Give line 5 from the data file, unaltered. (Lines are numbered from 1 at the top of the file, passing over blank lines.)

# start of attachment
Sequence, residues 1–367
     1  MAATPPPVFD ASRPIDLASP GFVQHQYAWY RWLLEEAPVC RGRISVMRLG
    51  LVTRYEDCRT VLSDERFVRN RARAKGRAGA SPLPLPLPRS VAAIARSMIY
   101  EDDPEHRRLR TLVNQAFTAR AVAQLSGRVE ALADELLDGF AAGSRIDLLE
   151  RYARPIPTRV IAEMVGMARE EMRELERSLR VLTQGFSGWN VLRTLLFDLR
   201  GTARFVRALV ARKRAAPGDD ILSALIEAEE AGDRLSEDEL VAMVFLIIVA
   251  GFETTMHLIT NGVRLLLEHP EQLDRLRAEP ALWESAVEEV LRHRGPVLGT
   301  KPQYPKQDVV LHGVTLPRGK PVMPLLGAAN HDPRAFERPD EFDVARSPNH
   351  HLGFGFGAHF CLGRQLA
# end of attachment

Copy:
   151  RYARPIPTRV IAEMVGMARE EMRELERSLR VLTQGFSGWN VLRTLLFDLR